Civil society groups, academics and successive independent biometrics commissioners have warned that the legal regime surrounding the use of technology is lacking, and that the technology itself could leave the UK like a "surveillance state".
Ed Bridges, 36, brought the challenge at the High Court after claiming his face was scanned while doing Christmas shopping in 2017 and at a peaceful anti-arms protest in 2018.His lawyers argued the use of automatic facial recognition (AFR) by South Wales Police caused him 'distress' and violated his privacy and data protection rights by processing an image taken of him in public.
Mr Ephgrave said: "This is an important development for the Met and one which is vital in assisting us in bearing down on violence."As a modern police force, I believe that we have a duty to use new technologies to keep people safe in London.
"We are using a tried-and-tested technology, and have taken a considered and transparent approach in order to arrive at this point," Mr Ephgrave added.
The Met's senior technologist, Johanna Morley, repeated the force's claims that a false alert on the system was only triggered 0.1% of the time - that is only one person for every 1,000 whose faces were scanned by the police cameras were inaccurately flagged as belonging to a suspect on the police watch list.
THE INSTITUTESeveral companies, including Amazon and Clarifai, are working to create reliable facial recognition technology for use by government agencies and law enforcement to catch criminals and find missing children. This month, San Francisco became the first U.S. city to ban the use of facial recognition technology by its police force and city agencies.
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However, this claim has been described as misleading by an independent report into the force's use of the technology, commissioned by the Met itself and revealed by Sky News, which found the technology was actually 81% inaccurate.Ms Morley's figures do not account for false negatives, but also misrepresent the number of false positives compared to accurate positives.Ms Morley had previously acknowledged to Sky News that the force would have to invest significantly in its back-end technology systems to ensure its use of the technology was legal if a decision was made to go forward with it. It is not clear whether this has been done.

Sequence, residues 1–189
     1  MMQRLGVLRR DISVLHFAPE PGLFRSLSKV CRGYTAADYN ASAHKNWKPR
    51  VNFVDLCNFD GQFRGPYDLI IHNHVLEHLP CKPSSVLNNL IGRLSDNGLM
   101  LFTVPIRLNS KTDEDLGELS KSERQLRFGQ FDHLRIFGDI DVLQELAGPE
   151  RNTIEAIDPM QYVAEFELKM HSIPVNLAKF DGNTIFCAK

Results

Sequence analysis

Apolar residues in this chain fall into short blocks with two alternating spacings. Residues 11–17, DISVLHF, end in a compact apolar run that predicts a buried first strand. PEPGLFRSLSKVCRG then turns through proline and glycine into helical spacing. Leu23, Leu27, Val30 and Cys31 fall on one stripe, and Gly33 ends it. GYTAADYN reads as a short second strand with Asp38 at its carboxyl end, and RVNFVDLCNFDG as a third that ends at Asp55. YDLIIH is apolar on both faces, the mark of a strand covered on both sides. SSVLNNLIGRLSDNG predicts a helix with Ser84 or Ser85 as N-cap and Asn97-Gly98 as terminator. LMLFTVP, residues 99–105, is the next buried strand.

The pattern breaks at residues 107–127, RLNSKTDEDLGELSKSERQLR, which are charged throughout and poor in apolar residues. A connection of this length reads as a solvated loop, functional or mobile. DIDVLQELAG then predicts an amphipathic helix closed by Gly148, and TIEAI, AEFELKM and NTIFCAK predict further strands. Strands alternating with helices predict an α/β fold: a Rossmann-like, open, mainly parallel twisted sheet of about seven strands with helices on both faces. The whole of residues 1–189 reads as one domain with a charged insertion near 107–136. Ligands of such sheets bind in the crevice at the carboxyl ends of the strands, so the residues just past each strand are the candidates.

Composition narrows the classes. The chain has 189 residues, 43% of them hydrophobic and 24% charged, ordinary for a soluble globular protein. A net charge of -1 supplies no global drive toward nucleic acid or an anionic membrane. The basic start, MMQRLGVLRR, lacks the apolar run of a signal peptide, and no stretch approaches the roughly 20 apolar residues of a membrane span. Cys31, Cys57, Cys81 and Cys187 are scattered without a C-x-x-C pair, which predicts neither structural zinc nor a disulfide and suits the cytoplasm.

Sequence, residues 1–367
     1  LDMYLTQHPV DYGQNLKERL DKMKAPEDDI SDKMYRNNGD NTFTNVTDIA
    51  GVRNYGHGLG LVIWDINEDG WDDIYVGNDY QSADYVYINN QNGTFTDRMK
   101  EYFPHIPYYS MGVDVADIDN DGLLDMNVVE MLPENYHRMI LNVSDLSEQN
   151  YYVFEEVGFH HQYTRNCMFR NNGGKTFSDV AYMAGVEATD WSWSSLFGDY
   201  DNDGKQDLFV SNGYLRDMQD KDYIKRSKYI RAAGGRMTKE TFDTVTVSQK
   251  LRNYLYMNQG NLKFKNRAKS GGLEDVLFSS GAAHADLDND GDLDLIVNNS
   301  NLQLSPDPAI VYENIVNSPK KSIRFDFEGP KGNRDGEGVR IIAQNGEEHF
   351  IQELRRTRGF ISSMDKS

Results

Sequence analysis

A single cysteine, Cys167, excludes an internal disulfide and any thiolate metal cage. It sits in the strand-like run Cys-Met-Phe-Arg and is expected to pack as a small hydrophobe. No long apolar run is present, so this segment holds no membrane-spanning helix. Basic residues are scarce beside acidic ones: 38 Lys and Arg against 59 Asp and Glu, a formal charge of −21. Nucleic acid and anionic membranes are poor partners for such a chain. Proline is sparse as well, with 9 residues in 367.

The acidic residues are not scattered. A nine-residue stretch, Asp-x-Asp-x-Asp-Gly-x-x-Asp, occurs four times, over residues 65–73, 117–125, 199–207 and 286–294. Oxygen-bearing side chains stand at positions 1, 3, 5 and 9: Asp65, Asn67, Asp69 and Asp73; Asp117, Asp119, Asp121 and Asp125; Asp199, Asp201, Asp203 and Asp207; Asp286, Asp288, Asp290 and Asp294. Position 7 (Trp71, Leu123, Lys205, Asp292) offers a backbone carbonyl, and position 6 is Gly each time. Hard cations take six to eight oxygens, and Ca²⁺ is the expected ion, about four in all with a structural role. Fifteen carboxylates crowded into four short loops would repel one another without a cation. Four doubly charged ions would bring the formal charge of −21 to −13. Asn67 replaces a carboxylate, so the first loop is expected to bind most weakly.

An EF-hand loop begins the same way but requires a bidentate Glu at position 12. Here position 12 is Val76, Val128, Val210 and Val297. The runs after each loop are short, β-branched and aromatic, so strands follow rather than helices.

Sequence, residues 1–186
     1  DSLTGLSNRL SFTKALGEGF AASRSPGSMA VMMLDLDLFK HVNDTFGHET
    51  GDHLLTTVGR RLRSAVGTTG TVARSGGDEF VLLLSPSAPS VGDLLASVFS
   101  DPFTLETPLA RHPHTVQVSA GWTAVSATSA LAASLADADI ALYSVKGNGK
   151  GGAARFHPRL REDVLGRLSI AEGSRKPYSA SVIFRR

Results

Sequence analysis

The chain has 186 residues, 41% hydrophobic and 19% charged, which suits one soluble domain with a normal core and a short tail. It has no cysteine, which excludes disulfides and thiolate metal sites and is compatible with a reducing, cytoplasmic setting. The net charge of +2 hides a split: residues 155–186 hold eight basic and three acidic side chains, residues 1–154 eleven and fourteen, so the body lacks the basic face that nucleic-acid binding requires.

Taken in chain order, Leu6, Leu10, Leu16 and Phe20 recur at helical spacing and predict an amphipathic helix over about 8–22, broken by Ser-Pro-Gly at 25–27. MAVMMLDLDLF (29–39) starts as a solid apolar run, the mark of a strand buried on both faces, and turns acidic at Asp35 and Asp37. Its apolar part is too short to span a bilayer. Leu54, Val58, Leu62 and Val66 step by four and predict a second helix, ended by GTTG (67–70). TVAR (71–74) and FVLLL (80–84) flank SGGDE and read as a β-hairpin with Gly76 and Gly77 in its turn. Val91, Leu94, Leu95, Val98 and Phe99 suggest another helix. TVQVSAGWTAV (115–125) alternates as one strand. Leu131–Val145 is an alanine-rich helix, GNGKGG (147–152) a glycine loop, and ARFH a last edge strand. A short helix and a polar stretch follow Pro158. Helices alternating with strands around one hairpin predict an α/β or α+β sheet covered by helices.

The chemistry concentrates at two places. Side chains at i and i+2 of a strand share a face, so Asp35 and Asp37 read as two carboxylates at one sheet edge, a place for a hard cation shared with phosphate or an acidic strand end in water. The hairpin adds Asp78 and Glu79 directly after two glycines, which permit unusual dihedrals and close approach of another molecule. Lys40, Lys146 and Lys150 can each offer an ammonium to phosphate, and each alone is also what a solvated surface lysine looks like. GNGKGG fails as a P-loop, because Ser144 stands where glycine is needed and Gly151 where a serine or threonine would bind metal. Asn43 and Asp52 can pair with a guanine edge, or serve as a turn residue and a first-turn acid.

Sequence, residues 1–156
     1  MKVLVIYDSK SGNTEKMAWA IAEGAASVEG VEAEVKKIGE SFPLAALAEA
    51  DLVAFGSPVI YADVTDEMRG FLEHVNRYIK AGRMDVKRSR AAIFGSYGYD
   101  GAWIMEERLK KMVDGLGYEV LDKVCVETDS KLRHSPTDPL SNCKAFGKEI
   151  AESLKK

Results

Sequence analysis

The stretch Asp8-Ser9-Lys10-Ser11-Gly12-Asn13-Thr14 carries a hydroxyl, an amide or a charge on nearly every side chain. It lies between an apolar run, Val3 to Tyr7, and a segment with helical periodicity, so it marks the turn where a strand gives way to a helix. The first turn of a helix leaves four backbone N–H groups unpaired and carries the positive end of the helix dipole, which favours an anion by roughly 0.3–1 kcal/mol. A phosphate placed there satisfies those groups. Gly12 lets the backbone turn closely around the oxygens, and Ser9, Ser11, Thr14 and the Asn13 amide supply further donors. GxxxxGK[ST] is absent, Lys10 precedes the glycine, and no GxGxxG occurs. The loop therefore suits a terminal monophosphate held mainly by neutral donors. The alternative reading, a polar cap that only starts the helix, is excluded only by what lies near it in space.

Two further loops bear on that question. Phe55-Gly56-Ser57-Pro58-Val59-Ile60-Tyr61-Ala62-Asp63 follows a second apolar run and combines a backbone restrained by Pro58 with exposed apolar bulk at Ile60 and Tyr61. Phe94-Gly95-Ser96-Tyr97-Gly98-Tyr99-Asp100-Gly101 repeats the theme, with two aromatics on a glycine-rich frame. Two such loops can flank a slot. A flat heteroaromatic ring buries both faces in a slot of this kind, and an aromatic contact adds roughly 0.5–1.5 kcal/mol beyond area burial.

The police use of facial images are not covered by the same laws which regulate how police can handle and process DNA and fingerprints.
The former biometrics watchdog, Alastair MacGregor QC, warned that the police had created enormous databases of facial images without "public or parliamentary consultation or debate".Parliamentary committees have called for the use of the technology to be paused until it can be put on statutory footing, but both the Met and the UK's data watchdog, the Information Commissioner's Office, have said that using the technology is lawful.
The chairman of the Metropolitan Police Federation was criticised last year after praising the use of LFR in China as "absolutely correct" and "spot on" while the authorities there used it to crackdown on internal dissent.Silkie Carlo, the director of Big Brother Watch, told Sky News: "This decision represents an enormous expansion of the surveillance state and a serious threat to civil liberties in the UK.
"It flies in the face of the independent review showing the Met's use of facial recognition was likely unlawful, risked harming public rights and was 81% inaccurate.
"This is a breath-taking assault on our rights and we will challenge it, including by urgently considering next steps in our ongoing legal claim against the Met and the home secretary.
"This move instantly stains the new government's human rights record and we urge an immediate reconsideration," Ms Carlo added.The European Union is currently considering what could stretch to be a five-year ban on the use of facial recognition technology while it figures out how to properly regulate it.Although this comes with exceptions for security projects, it could still impact the UK until article 72 of the withdrawal agreement, which states that EU law on data processing continues in the UK until the end of the transition period.